Usability testing: Participants try to complete a task with a product while you observe. This lets you measure how successful users are at completing a task, how quickly they complete it, what problems they encounter, and how satisfied they felt with the process.
A/B testing: This tests two versions of a product against each other to see which the target audience prefers. This can be done with a live product by showing different versions of a webpage to different visitors or sending two different versions of a mailing to different recipient lists.
User interviews: Interviews conducted face to face (either online or in person) offer a quick and easy way to get insight into what a user wants from a potential product or collect qualitative data regarding an existing product. When these interviews are conducted with more than one person at a time, they’re often called focus groups.
Surveys and questionnaires: You can design a survey or questionnaire to return both qualitative and quantitative data. By using the same questions and conducting multiple surveys, you can track the improvement of a product throughout its development and lifecycle.
Diary studies: Target users keep a log of their day-to-day activities over a defined (usually extended) period of time. This gives you insight into behaviors and experiences in the real world. You could learn when during the day a user typically engages with your product or how often they use it over the course of a day, a week, or a month.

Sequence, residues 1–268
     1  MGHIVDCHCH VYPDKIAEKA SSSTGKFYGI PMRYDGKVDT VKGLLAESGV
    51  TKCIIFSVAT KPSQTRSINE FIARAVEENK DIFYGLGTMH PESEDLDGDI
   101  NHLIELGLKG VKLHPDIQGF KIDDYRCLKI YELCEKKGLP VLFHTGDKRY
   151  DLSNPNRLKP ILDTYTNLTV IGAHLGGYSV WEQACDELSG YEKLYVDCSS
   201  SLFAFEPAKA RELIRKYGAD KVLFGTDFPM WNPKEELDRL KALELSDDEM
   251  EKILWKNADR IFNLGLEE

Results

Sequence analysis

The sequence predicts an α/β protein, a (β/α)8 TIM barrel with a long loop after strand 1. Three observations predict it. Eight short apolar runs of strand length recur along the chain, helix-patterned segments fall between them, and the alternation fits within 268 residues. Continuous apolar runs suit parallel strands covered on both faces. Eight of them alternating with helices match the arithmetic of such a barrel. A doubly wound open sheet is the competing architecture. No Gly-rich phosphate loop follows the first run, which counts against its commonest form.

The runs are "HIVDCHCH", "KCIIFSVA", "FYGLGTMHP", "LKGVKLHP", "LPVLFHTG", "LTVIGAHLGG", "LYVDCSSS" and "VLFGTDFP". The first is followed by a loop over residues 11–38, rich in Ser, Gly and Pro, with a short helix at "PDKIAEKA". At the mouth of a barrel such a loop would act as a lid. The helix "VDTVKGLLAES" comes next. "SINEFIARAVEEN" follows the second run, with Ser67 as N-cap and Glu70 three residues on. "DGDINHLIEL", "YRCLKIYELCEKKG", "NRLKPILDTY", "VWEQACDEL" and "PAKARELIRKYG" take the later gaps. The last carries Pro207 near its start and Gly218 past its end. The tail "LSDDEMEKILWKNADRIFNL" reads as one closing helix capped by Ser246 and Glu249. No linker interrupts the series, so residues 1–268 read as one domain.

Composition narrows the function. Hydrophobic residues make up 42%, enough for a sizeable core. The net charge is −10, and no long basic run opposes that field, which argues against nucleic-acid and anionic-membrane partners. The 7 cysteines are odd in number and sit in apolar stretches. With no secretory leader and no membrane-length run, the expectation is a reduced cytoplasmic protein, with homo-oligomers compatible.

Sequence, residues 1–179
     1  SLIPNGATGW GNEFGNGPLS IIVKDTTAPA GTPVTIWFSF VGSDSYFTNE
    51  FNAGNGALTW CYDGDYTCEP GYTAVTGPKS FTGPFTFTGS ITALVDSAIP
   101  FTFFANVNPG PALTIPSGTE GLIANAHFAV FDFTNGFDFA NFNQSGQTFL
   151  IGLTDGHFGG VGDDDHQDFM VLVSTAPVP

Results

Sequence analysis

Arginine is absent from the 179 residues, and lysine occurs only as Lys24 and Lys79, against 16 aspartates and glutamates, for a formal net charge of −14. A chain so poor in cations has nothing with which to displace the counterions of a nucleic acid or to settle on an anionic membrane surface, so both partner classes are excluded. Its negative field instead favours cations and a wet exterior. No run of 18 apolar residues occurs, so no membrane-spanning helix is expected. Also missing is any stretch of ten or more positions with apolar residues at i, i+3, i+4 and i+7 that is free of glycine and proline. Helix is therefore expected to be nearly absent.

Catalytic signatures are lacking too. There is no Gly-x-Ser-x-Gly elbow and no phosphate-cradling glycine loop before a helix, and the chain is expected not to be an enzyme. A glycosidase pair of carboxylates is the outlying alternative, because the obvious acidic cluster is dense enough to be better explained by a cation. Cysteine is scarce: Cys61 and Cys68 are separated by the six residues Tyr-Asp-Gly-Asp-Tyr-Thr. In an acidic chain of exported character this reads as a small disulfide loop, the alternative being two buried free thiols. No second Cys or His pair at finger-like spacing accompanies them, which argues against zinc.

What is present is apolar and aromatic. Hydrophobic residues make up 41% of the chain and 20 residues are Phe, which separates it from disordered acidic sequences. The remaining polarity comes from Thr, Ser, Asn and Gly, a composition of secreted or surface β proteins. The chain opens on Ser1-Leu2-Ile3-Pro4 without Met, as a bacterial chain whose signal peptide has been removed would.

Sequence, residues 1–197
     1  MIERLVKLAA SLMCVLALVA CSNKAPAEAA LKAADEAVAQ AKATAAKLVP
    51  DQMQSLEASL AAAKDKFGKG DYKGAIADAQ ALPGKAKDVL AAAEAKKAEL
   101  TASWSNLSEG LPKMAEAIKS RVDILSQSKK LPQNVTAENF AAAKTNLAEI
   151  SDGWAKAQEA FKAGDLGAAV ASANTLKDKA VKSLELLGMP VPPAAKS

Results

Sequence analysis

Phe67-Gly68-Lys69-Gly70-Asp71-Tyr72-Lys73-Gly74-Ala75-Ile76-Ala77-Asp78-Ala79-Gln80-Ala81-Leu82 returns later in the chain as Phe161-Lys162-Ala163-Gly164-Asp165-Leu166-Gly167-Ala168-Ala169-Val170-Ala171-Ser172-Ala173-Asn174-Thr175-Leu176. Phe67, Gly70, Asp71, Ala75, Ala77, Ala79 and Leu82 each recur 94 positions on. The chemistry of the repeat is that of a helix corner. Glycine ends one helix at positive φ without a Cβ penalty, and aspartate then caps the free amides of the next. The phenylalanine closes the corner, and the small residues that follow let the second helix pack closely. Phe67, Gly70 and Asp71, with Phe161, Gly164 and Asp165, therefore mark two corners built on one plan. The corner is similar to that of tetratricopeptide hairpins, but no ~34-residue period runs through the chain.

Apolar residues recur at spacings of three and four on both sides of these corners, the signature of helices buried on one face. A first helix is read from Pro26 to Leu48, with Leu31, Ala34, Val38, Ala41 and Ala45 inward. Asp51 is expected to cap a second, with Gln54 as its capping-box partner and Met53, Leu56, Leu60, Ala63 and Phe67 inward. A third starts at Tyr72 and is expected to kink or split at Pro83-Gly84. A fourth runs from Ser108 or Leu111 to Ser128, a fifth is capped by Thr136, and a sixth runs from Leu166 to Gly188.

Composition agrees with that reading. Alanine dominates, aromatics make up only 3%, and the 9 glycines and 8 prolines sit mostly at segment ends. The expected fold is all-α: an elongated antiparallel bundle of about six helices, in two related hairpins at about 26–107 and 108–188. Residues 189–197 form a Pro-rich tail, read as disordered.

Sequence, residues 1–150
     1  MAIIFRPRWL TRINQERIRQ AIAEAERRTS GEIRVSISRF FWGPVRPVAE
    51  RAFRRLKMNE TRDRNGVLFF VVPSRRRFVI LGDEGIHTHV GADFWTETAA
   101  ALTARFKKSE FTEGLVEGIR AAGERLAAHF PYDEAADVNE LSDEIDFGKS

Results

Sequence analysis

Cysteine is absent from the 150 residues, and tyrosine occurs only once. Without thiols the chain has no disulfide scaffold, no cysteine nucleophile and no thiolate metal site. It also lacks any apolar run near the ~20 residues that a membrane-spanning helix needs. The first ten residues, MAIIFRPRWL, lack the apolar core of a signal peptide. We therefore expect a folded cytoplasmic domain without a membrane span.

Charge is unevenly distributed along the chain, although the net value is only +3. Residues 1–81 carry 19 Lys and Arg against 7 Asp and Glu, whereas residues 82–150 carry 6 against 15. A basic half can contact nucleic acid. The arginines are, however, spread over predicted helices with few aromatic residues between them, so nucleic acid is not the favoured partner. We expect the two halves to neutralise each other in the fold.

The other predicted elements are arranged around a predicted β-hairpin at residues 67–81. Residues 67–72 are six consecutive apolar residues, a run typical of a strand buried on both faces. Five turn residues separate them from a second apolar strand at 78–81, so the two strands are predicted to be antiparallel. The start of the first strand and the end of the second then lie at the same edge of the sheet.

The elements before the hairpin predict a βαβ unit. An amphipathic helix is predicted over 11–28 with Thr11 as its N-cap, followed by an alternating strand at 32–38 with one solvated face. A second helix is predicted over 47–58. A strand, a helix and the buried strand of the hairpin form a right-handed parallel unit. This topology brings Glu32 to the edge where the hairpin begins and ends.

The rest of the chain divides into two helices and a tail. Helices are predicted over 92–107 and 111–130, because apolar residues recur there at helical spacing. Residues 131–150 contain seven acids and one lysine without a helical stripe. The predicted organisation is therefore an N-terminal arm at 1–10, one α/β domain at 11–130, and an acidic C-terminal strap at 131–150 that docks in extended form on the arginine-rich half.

Contextual observation: Instead of interviewing users in a lab, you’ll observe them in their natural context—at home or at work maybe—while asking questions to better understand how and why they do what they do.
First click testing: This type of user testing examines what a target user clicks on first on a website or app interface when trying to complete a task. You can do a first click test on a live site, prototype, or wireframe.
Now that we have a better understanding of what user experience research is, let’s take a closer look at what you might do in your day-to-day role as a UX researcher, as well as what skills and tools you might use to get the job done.
A day on the job as a UX researcher will likely vary based on the project you’re working on or the company you’re working for. These are a few of the tasks you may perform on the job:
Collaborating with designers and stakeholders to understand research needs
Defining research questions and selecting appropriate methods of data collection
Developing budgets and timelines for research projects
Recruiting participants for research studies